Cleaning Up Veganuary

With so many vegan options available adopting a plant-based diet is far easier than you might think. It is not only better for you health wise but veganism also offers a solution to embracing a more sustainable way of living.

I enthusiastically signed up for Veganuary a little over a month ago. Like so many others I was drawn to it after learning of the vast environmental benefits that can be achieved from eating more plant-based foods. Going vegan can seem intimidating to many but I have had the advantage of developing a wide range of vegan products, so knew what the market already offers. There is a vegan swap for almost everything. From the more obvious Beyond burgers, Naked Glory tenderstrips, KoKo yoghurts and Glorious soups to WICKED doughnuts from Tesco, Vivera kebabs and Crackd no egg – egg! The enormous range of so many readily available options has encouraged me to try foods that I would not normally go for and there have been some interesting … and nice surprises along the way.

Huge strides have been made with meat alternatives to match flavour and textures and alongside this it is encouraging to see that nutritional profiles are also being improved. Ulrick & Short has already successfully helped a number of food manufacturers achieve premium textures for meat substitutes. It has also helped to improve nutritional profiles for a wide range of vegan products and continues with rigorous development work for this sector to help it remove E numbers, reduce fat and improve nutritional content. 

With regards to E numbers, a lot of questions have been raised recently over the requirement for methylcellulose (methocel), which is used widely within meat substitutes. Methocel works with a multitude of applications to bind, thicken, emulsify, stabilise and gel, and due to its functionality, finding a clean label alternative has been tricky. However, that all looks to be changing and it is only a matter of time before methocel can be completely replaced with a clean, allergen free alternative.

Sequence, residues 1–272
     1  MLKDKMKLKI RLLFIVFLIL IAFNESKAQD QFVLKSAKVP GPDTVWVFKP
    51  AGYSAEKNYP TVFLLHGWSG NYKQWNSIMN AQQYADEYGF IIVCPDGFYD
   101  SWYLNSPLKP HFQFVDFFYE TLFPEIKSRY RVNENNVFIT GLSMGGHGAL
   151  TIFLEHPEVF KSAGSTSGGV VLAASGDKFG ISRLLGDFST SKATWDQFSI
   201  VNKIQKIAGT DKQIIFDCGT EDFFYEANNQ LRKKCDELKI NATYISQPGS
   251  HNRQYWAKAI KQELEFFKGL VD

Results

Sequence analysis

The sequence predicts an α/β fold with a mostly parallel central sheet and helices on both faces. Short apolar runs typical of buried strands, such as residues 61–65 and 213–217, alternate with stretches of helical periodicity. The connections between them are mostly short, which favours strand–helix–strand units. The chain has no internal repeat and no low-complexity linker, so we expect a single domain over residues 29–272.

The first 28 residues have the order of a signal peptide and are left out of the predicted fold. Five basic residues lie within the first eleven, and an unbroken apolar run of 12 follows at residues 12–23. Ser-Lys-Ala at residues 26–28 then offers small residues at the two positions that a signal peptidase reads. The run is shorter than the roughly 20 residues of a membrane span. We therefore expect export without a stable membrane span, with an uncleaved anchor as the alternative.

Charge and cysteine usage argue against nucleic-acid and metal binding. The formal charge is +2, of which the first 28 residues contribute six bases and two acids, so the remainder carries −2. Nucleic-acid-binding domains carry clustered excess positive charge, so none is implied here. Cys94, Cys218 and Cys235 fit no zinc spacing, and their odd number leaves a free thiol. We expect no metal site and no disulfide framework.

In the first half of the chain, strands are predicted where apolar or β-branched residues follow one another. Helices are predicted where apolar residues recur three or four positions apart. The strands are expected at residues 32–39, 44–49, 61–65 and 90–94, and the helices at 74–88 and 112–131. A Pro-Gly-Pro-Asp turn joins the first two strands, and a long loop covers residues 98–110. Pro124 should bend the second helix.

It is clear that the industry’s priorities lie firmly with the removal of E numbers and allergens but it is also making significant headway to ensuring that vegan and plant-based options are healthier and offer the right level of nutrients so that additional supplements can be avoided. With so much work going into improving label transparency and content, I think that brands would benefit from labelling products that are ‘naturally’ vegan to not only open up more options but also make it easier for consumers to identify.


Moving beyond this, I believe that vegan products will be celebrated more for their plant-based origins rather than being reformulated into more meat alternatives. It is likely that we will see far more gastronomy with the use of herbs spices and other natural ingredients to produce less processed but just as innovative products.

On a personal note, I have found Veganuary eye opening and gratifying in equal measures. I have been encouraged to cook from scratch more, which has resulted in less food waste and cheaper shopping bills. Reassured that there are endless options to keep me satisfied, I will continue to steer away from meat where it is practically possible. My aim will be to have a plant-based diet at least five out of seven days a week. Veganuary has not only inspired me to change my diet but also other areas too – I’ve switched to eco and cruelty free dishwasher and laundry tablets and moved to re-useable face pads. Even if you are a true carnivore, I would encourage you to go meat free, even just for one day a week.

Emma Walker Development Technologist
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